Success breeds imitation. Imitation makes convention. Convention is the sire of tradition. Unfortunately, tradition spawns purists.

All of a sudden, that’s the only way a thing should be done. Maybe the only way it’s ever been done, and it certainly shouldn’t change. If you try, you’ll be mocked mercilessly and perhaps given a stern lecture.

Only so many of us are going to trailblazers, men and women who, for a moment in time, grasp the reins of the world and give them a good shake, sending tremors throughout time.

After them, life boils down to so much meta-gaming. In an attempt to recreate that level of success, make boatloads of money or become as famous as true groundbreakers, we can imitate them. Don’t knock it, it works — ask Thomas

Edison.

In trying to fit in with what works, we defy the creativity that enabled it in the first place.

If you’re lost, let me make it simpler. I like Woodford Reserve bourbon. It makes my heart sing like a princess in a Disney movie. Sometimes I like it in just a glass at room temperature. The purist would say nothing. That’s how it’s meant to be enjoyed. Add an ice cube, or god forbid, a bit of cola, and all of a sudden I’m going to endure the wrath of the traditionalist who says there is only ever one way to do things. How dare you waste such good bourbon on Pepsi?

Thing is, this kind of thinking makes no sense. You think papa bourbon, when he was out inventing his spirit, was constricted by it? No. Whiskey was unaged, used for medicinal purposes when it was invented somewhere around the 14th

century.

People who decided to drink it for the first time were probably looked at like

the man across the bar looks at you for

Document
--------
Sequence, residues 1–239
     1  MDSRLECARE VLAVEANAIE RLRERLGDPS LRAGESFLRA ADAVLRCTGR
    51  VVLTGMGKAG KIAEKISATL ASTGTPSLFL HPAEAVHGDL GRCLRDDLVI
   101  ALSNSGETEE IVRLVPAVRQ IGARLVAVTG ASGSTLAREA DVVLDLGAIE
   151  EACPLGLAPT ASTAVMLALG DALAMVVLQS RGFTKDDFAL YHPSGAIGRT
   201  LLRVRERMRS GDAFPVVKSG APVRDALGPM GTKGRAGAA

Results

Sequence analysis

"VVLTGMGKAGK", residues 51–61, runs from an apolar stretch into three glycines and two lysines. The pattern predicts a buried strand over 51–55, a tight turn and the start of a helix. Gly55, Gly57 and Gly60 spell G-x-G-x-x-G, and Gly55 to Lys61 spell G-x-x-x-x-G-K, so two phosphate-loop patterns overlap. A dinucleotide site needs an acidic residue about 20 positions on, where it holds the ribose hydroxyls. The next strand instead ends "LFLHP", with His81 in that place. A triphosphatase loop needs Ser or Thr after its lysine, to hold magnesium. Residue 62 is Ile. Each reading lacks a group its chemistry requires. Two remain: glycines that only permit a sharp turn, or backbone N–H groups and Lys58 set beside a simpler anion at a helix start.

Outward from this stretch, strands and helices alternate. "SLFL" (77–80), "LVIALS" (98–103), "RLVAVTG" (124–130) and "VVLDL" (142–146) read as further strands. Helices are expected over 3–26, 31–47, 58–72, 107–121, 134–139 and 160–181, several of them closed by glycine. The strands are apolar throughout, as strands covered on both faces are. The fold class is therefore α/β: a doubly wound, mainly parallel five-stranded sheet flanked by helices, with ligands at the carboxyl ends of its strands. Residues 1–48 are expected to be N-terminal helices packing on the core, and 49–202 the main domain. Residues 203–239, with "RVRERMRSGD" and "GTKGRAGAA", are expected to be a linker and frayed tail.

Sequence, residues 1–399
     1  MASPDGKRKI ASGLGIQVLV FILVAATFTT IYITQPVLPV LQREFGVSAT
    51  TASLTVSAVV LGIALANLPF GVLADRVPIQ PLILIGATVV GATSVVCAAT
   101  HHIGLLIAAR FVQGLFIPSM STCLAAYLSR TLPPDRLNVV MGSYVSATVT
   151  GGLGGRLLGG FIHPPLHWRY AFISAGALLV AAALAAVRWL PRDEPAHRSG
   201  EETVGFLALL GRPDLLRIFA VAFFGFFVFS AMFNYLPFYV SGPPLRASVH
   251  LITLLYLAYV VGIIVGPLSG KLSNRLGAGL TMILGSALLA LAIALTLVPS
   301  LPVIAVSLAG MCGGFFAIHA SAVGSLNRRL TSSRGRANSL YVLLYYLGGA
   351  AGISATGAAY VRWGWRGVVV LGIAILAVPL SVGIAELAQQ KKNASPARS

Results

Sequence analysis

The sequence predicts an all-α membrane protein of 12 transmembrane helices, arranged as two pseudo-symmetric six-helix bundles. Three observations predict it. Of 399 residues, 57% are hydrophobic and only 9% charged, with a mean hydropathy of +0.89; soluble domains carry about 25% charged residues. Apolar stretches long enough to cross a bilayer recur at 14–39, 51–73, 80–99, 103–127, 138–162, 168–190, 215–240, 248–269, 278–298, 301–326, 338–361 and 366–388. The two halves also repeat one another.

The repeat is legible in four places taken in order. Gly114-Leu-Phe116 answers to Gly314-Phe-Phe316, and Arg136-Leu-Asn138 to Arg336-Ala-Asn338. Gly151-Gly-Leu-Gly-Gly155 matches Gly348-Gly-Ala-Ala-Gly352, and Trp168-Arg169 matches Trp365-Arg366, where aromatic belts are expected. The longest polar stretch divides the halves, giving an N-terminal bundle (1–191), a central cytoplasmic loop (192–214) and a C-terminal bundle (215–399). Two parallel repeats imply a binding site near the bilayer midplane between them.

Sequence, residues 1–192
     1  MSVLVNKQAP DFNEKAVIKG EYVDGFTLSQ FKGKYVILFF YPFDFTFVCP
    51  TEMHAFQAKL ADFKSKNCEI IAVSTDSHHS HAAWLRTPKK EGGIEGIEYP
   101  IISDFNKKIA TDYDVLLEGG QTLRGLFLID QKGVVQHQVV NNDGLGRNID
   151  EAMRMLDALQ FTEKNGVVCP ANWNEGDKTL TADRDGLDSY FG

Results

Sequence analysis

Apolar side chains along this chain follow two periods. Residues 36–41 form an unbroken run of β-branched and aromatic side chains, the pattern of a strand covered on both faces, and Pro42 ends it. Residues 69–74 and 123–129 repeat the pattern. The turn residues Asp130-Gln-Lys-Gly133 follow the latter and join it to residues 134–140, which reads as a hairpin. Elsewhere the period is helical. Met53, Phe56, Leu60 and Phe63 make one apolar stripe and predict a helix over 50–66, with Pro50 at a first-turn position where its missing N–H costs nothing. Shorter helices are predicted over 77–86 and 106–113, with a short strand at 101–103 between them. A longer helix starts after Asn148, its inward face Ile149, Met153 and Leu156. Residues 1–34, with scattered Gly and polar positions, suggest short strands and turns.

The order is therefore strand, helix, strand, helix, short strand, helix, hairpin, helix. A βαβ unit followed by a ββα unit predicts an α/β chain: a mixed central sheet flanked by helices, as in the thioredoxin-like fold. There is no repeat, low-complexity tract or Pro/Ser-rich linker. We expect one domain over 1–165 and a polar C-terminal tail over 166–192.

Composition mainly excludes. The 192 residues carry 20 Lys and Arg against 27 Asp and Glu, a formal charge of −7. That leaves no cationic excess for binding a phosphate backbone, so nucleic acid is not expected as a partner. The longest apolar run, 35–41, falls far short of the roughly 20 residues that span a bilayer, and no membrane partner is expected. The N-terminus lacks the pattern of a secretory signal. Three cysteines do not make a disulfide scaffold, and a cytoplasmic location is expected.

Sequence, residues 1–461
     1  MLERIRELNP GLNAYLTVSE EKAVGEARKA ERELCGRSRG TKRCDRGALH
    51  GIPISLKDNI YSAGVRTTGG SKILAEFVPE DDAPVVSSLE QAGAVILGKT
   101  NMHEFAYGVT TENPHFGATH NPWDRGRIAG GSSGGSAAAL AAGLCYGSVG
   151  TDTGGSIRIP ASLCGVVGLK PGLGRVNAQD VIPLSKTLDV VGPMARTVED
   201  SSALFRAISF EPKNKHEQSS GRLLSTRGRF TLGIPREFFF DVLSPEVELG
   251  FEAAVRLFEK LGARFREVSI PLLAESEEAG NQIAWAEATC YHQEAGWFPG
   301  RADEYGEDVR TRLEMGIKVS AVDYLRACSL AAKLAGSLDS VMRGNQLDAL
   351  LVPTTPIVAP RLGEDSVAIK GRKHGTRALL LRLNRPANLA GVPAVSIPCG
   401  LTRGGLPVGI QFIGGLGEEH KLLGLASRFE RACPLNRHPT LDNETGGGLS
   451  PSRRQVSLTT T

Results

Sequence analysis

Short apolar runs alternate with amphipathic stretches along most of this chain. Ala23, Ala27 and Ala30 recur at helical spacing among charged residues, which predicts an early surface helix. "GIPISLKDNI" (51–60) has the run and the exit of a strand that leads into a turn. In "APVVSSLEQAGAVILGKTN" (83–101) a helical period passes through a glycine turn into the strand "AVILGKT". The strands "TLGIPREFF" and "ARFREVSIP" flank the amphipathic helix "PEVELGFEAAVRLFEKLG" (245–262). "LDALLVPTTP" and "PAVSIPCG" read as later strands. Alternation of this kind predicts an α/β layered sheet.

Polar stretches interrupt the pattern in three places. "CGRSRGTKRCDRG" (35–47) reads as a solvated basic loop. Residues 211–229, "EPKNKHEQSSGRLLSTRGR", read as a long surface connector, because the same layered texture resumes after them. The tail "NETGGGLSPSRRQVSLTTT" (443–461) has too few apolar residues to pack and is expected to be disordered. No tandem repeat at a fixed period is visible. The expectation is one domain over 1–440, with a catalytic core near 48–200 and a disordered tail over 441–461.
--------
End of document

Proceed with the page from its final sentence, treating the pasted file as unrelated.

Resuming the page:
pouring RC Cola on your Jim Beam:

disgustedly.

The same goes for music. Rock doesn’t sound the same anymore. Just ask your uncle still driving that Camaro. Naw son, ain’t nothin’ like Lynyrd Skynyrd.

I’ve got some news for you unc. You might not like it. No one will be listening to “Sweet Home Alabama” before too long. They’ll be busy making new rock. You’ll hate it. You’ll howl at the clouds and get no answer. Things will change, you’ll die accepting them or not. Just like your parents hated how your generation changed Elvis’ music, just like how country music fans hate new country but can’t find a new Johnny Cash. He’s dead, and he ain’t coming back either.

The defiance of convention usually results in people doing things in a weird way for a while. It’s pretty quickly forgotten about, a silly little quirk mixed among the proper way of doing things. Every now and then, though, something new, wonderful and largely hated at the time will happen. It’ll get passed down. It will be changed. The next generation will declare it the best way, and then hate the way their children alter it.

Look, I’m not saying you’re setting a trend or being cool and unique for doing anything differently out of spite, but you’re also allowed to have a little fun, to shake things up a bit. You probably won’t grab the world by its horns and make it buck, but live life how you enjoy it, not by some silly little tradition that’s going to change anyway — no matter what your Camaro-driving uncle might say.

So go ahead, add a little soda to that whiskey. Be a little different. Hell, be a little strange. No one’s getting hurt, and most likely nothing’s going to come from it, one way or the other.

Or maybe you change the world. That’s this week’s small victory.

JESSE JONES is the editor of The Eagle Post, a member of the Kentucky New Era Media Group. For more, email jjones@kentuckynewera.com or find “Small Victories” on Facebook.

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